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yashdayma
23d

# Hello I am beginner in coding I have a doubt about sentinel search means can anyone give me a small example so that I can understand it properly

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There isn't a "sentinel search" or "sentinel linear search" algorithm per se. That's mostly a poor translation courtesy of the bloat of unauthoritative plagiarized garbage floating around the internet.

A "sentinel node" is a value in a series or tree intentionally inserted at the end of the iterable series so that the result of the search will always return a value.

The word sentinel means a guard. The function of the sentinel value is to guard against null matches.

A linear search with a sentinel node will terminate with the query value. That value will then be returned at index n+1 if no other matches
are found:
find: "10"
source series: 1,2,3
n+1 series: 1,2,3,10

f(x,l) -> [...l,x].find(x);
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@SortOfTested And the point of that is to safely omit range checks, which makes shit going faster.
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Okay,
I will admit, i dont know what the talk is about, or i wont pretend i know shit about algorithms, but this sounds like null termination on string thing?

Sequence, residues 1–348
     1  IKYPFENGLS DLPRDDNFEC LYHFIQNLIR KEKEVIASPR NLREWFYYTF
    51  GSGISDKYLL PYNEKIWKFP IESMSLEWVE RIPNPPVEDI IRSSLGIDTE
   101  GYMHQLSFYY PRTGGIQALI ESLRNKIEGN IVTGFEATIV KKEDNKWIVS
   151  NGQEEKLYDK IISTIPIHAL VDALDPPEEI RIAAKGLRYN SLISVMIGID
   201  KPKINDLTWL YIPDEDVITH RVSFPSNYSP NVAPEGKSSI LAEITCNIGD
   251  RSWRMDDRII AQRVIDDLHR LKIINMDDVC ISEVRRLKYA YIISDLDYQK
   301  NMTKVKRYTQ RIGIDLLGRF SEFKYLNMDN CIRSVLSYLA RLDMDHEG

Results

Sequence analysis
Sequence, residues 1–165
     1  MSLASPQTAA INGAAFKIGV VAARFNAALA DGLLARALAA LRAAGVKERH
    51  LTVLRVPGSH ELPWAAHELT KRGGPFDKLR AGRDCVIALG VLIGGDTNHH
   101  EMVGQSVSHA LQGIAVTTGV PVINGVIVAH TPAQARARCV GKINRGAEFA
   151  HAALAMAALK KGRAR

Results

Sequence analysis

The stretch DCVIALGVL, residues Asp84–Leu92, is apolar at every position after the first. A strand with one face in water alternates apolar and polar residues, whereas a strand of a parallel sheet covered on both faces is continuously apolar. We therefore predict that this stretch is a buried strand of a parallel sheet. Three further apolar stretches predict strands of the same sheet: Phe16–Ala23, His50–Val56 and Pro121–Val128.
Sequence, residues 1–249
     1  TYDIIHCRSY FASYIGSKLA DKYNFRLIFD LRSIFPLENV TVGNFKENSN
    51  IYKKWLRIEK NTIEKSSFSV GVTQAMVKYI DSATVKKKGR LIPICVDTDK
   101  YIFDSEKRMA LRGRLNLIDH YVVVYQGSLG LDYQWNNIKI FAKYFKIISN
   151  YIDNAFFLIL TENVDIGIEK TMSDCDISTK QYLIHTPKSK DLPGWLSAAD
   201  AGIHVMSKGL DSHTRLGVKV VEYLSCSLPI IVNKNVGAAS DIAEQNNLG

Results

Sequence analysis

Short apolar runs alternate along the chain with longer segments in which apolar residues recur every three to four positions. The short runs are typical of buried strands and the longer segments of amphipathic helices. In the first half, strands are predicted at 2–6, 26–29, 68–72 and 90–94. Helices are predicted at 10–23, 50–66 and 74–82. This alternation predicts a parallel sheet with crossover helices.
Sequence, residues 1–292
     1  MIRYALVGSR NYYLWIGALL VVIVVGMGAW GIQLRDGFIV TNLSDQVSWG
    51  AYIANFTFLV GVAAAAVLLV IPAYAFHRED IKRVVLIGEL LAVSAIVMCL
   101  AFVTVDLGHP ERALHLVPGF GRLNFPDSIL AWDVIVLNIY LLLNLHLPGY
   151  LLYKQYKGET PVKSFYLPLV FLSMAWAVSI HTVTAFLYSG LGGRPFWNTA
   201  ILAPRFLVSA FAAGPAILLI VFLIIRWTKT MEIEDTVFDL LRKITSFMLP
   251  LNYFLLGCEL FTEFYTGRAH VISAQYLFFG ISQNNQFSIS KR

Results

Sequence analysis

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@DubbaThony That's a termination character, not a sentinel. The sentinel value is always the one you're looking for.
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@Fast-Nop

Okay, if you remove abstraction wtf that means?

Edit: i mean like usage or something..

Like example

Edit2:
Okay, i googled it, and apparently yes, null termination character is sentiel value. But thats not algorithm or anything like that, just concept.
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@DubbaThony It's not a sentinel. The big difference is that with a sentinel, you ONLY check for the value you're looking for when going through the data. With null termination, you look for a certain character or pattern and STILL have to do the null check.
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@Fast-Nop

Okay, well, makes sense.
Google aint allways right and im too tired to filter that all. Just got curious, never heared of that thing and it sounded intriguing
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@SortOfTested thank u for your help it really helped me